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Architect, Interior Designer, and Industrial Designer, Finn Juhl, is known as a leading figure in the creation of Danish Modern design. His furniture designs, with their soft edges and organic shapes, catapulted him to fame both internationally and nationally. His ideas became profoundly revolutionary in Mid-Century modern design.
Born on January 30 in Copenhagen, Juhl had an affinity for art history and wanted to further study the subject. He spent much of his time visiting the National Gallery of Denmark. His father, opposed to his career choice, suggested he study architecture instead. During the 1930’s, Juhl enrolled at the Royal Danish Academy of Fine Arts to study architecture. Shortly before graduating, he worked with architect Vilhelm Lauritzen and designed for him for about ten years.
Juhl debuted at the Cabinetmakers’ Guild exhibitions and worked on models for cabinetmaker, Niels Vodder, which would span a partnership of about 20 years. Although he never formally studied furniture design, he challenged himself with the task. In 1939 he created the Pelikan Chair which was highly criticized but marked a successful path for his career. Most of his chairs can be identified by the unique floating features as the backs and seats appear to float atop the frames.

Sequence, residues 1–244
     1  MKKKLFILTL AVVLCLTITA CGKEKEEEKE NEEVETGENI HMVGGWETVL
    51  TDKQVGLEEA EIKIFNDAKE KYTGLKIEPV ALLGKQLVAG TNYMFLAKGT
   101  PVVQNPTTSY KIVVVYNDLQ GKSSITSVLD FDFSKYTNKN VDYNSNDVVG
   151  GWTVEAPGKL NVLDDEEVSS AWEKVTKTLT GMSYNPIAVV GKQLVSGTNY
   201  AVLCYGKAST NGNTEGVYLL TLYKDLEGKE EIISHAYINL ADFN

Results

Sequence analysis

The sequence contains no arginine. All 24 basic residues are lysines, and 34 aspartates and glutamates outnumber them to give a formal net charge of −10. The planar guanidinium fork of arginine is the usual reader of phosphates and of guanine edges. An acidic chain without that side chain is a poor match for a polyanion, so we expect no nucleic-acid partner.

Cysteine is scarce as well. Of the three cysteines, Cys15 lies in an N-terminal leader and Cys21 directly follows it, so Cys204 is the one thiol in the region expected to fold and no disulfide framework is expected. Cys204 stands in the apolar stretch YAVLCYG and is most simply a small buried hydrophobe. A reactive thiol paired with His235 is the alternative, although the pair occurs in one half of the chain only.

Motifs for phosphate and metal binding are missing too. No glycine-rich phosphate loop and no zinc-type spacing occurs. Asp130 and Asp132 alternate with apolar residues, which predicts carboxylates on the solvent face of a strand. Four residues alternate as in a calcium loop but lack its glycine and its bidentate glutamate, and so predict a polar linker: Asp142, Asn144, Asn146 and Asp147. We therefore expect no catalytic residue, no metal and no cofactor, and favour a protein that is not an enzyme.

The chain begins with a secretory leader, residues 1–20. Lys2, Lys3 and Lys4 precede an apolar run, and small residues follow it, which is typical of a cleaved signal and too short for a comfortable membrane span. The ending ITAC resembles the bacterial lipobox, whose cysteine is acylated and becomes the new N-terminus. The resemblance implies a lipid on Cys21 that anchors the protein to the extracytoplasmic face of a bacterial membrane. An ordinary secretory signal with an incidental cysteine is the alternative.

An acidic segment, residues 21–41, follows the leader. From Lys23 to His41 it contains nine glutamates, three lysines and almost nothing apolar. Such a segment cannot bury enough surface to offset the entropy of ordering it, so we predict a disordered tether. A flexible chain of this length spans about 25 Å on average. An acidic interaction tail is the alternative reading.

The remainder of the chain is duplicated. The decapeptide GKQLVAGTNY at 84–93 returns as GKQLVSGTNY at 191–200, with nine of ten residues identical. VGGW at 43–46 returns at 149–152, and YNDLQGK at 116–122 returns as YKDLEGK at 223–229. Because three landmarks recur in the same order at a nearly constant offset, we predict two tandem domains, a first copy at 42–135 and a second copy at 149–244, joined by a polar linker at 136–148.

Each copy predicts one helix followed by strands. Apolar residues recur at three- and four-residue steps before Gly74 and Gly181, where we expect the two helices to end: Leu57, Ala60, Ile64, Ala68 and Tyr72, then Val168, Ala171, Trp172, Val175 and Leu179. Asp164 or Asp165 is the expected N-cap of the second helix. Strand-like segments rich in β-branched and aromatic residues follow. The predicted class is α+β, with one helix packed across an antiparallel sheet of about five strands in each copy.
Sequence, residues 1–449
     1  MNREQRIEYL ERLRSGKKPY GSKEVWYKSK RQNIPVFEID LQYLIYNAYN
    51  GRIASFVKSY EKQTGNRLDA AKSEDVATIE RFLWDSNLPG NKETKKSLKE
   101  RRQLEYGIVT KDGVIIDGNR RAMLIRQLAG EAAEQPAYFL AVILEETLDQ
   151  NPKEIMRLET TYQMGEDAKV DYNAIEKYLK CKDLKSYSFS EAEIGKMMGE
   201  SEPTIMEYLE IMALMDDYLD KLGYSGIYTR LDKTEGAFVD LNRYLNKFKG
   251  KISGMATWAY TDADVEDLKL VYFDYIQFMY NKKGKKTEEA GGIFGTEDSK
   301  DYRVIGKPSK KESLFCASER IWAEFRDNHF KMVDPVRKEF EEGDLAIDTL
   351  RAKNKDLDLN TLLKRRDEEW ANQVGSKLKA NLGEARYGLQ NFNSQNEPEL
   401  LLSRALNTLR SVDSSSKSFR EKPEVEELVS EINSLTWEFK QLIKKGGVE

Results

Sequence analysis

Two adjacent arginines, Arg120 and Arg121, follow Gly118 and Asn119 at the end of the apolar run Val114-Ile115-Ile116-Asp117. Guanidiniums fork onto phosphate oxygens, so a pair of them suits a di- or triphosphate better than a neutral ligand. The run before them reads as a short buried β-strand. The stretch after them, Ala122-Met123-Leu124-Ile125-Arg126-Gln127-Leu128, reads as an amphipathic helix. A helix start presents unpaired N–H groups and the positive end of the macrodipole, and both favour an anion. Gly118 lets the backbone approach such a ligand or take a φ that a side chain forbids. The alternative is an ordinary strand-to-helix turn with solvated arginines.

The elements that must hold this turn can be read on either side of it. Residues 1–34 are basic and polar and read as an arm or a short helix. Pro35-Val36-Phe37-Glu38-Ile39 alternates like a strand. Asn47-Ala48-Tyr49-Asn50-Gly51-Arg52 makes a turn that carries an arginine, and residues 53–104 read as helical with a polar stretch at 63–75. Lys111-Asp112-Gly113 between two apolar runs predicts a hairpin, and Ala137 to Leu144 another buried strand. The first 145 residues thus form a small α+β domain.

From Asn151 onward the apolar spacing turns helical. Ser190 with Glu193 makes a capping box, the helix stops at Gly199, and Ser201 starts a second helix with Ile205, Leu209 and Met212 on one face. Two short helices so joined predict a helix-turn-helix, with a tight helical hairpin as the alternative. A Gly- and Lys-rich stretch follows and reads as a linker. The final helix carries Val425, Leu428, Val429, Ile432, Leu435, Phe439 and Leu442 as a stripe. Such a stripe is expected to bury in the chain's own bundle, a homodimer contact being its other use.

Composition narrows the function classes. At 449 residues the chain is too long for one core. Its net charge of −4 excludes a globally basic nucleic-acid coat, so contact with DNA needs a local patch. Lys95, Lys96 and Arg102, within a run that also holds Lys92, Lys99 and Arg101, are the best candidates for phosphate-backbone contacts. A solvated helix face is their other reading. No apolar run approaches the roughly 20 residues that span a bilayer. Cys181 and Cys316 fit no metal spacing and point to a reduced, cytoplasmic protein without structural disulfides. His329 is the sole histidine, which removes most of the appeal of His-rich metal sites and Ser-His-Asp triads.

His collaboration with Viggo Boesen earned him the C.F. Hansen award for young architects. He decided to open his design office in Nyhavn, Copenhagen in 1945. That same year, he designed the Bing & Grøndahl store and Svend Schaumann’s florist’s shop in Copenhagen. Impressed by Juhl’s work, Edgar Kaufmann Jr., the director of the Department of Industrial Design at the MoMA in New York, became a close friend of Juhl.
His designs include his most exclusive chair, the Chieftain Chair, and the Trusteeship Council Chamber at the U.N. Headquarters in New York, now contemplated as the masterpiece of his career. He also created a furniture collection for Baker Furniture Inc., furnished the ambassador's residence at the Royal Danish Embassy, Washington D.C., and redesigned the Georg Jensen store on Fifth Avenue in New York.
Juhl is known for having been one of the first to introduce Danish Modern to America and is one of the leading characters of the mid-20th century Danish design movement.